13:42 < kungfuelmosan> mmm, wonder how much interest thered be for a
wellington meetup, hint: probably not alot :(
13:42 < kungfuelmosan> (weelington, nz)
13:42 < exch> It's a little out f my way, so count me out :p
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13:43 < kungfuelmosan> heh understandable
13:44 < kungfuelmosan> and with that, I'm out - 2am is a silly time to be
awake - cheers for the entertainment though!
13:44 < exch> gnight
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15:07 < go^lang> How to get User-Agent header in Google App Engine (Go
runtime), working in SDK now.
15:07 < aiju> people rely on user-agent headers?
15:09 -!- ofl [~olli@31.16.204.145] has quit [Quit: Changing server]
15:09 < go^lang> I can't get user-agent from Request.Header when a
connectiing come in.
15:09 < ww> aiju: setting the user-agent properly is polite
15:09 < ww> oh, getting, not setting
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15:19 < Aram> hmm...  any tips on how to minimize casts?  say I have
functions that accept uint64 params, and I have uint8 vars.  I need to cast in
order to call the function.  any tips on how to avoid that?
15:19 < aiju> have the function accept uint8 params ...
15:20 < Aram> but the function needs uint64 params, just that most of the
time I only call it with uint8.
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15:25 < jessta> Aram: why do you want to avoid conversions?
15:26 < Aram> I want to eliminate the extra visual clutter.  90% of the time
I call that function I call it with a cast.
15:26 < jessta> wrapper function
15:27 < jessta> or you could make the uint8s be uint64s instead when you
declare them
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15:29 < jessta> it's also not visual clutter, you're using a type as a
different type so Go requires you be be explict about it
15:31 < Aram> I can't make uint8s into uint64s because the uint8s come from
functions that return uint8s for valid reason :-).  basically I am writing an
emulator.  I have written the memory so far.  I have functions that return 8, 16,
32 and 64 bit values (signed and unsigned, for all kind of endianess memory).  all
this functions take 64 bit addresses because I want the memory to support 64 bit
archs (although for now I'm implementing only a 16 bit arch).  I could imple
15:31 < Aram> wrapper functions I guess, though that would make many many
more functions.
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15:32 < Aram> I guess I'll settle for casts.
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15:38 < mattn_jp> Aram, do you mean convertion of number to bytes or bytes
to number?
15:40 < Aram> well I have a slice of bytes that I can use either as big or
little endian memory via these functions and the functions can get/set 8/16/32/64
bit signed/unsigned value.
15:42 < mattn_jp> encoding/binary?
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15:42 < aiju> encoding/binary is overkill
15:44 < Aram> yeah, I do a very very simple thing.  Physical memory is a
slice of bytes from [0:addrMax].  the way the CPU works with this memory is
through some accessor functions that take care of endianess and other thing, so
the emulated cpu would "see" memory in the layout it expects.
15:45 < Aram> it's probably very raw, and very broken, but here it is:
http://code.google.com/p/11go/source/browse/pkg/emu/memory.go
15:45 < Aram> the code is probably horrible, this is my first go program.
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15:50 < Aram> (if something is very stupid with that code, please shoot).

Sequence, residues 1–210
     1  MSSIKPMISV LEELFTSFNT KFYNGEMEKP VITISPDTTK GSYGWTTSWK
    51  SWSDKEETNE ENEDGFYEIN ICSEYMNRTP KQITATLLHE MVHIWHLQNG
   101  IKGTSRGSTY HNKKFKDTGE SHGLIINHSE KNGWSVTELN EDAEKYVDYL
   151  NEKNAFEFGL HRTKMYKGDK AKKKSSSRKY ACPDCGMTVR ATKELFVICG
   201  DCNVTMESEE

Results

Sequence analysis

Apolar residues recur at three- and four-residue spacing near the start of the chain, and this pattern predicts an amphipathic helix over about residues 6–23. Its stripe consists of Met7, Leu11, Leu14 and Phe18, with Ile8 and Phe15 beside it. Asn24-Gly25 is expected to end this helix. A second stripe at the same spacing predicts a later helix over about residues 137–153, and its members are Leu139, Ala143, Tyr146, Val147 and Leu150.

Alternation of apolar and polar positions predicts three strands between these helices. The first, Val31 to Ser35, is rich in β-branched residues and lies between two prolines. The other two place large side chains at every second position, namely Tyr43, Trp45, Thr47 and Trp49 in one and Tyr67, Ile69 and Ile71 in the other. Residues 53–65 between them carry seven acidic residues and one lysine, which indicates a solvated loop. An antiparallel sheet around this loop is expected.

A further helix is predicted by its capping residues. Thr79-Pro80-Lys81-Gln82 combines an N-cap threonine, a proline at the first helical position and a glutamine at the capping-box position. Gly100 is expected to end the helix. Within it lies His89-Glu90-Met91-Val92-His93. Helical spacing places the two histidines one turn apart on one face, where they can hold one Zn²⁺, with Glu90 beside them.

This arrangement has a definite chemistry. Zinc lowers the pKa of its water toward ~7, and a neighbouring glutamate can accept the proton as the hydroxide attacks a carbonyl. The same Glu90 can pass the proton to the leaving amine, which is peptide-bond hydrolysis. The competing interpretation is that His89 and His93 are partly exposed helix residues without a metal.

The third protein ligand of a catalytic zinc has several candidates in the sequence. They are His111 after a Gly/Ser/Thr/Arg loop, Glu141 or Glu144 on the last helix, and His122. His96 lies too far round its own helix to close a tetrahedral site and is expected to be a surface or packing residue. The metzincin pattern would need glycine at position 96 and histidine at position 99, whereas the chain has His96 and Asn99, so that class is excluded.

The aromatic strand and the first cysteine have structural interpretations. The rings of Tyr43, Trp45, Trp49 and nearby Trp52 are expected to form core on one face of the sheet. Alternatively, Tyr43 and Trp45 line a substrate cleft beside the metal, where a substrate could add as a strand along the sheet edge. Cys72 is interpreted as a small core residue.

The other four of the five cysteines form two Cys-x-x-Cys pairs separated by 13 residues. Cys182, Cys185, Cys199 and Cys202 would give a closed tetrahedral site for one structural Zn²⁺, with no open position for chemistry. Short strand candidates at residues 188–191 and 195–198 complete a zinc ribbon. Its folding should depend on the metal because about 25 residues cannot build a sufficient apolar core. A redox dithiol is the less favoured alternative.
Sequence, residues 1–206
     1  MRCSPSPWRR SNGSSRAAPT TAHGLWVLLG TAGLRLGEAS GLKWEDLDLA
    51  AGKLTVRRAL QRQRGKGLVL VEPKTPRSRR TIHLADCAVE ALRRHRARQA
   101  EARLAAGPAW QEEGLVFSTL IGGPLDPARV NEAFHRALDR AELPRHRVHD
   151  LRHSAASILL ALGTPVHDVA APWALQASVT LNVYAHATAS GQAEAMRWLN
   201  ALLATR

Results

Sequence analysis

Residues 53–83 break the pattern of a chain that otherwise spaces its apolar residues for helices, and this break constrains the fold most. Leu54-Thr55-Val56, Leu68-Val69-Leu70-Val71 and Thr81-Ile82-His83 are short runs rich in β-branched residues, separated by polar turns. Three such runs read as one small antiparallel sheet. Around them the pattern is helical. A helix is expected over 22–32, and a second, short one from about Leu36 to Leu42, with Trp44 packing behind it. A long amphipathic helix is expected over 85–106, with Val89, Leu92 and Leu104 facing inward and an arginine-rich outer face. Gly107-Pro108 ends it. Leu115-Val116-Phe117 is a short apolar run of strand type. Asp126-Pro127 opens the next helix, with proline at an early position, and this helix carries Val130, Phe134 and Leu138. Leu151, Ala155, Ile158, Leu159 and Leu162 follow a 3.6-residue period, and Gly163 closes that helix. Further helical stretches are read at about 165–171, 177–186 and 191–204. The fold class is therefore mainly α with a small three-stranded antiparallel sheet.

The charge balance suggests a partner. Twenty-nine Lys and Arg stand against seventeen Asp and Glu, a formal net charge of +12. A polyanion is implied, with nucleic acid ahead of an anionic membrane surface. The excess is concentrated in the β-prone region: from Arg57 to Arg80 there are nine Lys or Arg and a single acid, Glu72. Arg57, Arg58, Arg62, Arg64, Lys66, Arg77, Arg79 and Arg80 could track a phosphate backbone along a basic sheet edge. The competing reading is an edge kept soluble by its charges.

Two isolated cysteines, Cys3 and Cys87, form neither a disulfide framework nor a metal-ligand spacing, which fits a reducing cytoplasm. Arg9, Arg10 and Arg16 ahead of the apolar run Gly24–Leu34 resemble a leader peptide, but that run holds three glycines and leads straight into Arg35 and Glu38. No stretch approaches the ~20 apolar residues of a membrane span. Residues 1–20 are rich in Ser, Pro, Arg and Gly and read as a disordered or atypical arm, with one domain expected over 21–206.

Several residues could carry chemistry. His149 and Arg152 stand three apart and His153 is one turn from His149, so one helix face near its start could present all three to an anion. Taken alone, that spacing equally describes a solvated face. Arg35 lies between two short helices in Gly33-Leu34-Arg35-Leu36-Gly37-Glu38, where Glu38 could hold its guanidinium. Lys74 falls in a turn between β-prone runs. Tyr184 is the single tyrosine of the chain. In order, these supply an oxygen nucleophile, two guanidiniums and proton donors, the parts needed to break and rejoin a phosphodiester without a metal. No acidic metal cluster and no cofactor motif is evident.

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16:17 < pyrhho> goinstall question
16:17 < pyrhho> if I tag a commit as 'release' on github, goinstall will use
that commit, but does that apply if golang is r58 only?  or if it is weekly too?
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16:24 < uriel> pyrhho: weekly-es are not 'release' anymore
16:24 < uriel> the recommended term now is 'snapshots'
16:24 < aiju> haha
16:24 < pyrhho> confounded newspeak lol
16:25 < uriel> pyrhho: see
http://www.reddit.com/r/golang/comments/ikg1j/another_weekly_release/c25emrd
16:25 < pyrhho> ok...  I guess my question is whether goinstall changes its
behaviour based on what version of golang is installed
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16:26 < uriel> pyrhho: I *think* so, might be worth checking the docs ;P
16:26 < pyrhho> k thought someone may happen to know.  will read through the
docs
16:26 < pyrhho> thanks
16:27 < fluffle> if i've got a value boxed in an interface{}, how can i test
whether that value is nil?
16:27 < fluffle> i tried _,ok := val.(nil); ok
16:28 < fluffle> but that bails cos nil isn't a type
16:28 < fluffle> and just doing == nil appears not to dwiw
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16:28 < fluffle> do i need to pull out reflect?
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16:30 < pyrhho> uriel: grah.  it just always uses the 'release' tag if one
exists, even if golang is on the weekly snapshot.  annoying
16:31 < pyrhho> oh well
16:34 < jessta> fluffle: you need to do a type assertion first
16:35 < jessta> to it's actual type, and then check for nil
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16:37 < jessta> fluffle: if you don't know the type, then you'll need
reflect, but if you don't know the type then you also don't know if nil is a valid
value for that type
16:38 < fluffle> jessta: "it's actual type" varies, and I want to use the
nil test to decide whether to push the interface{} into the unboxing function
16:39 < fluffle> jessta: for context, i'm dragging data out of a very old
sqlite database which has no types on *any* of the columns in the table :/
16:40 < fluffle> irritatingly, reflect.ValueOf() returns a Value i can't
even call IsNil() on
16:41 < fluffle> panic: reflect: call of reflect.Value.IsNil on zero Value
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16:43 < jessta> fluffle: yeah, that wouldn't work if the type isn't a
pointer
16:43 < fluffle> orite, that makes sense
16:44 < jessta> if the type varies, but you know which types are possible
you could do a type switch
16:44 < fluffle> i was doing that in the unboxing routine anyway, I guess
I'll change that to cope better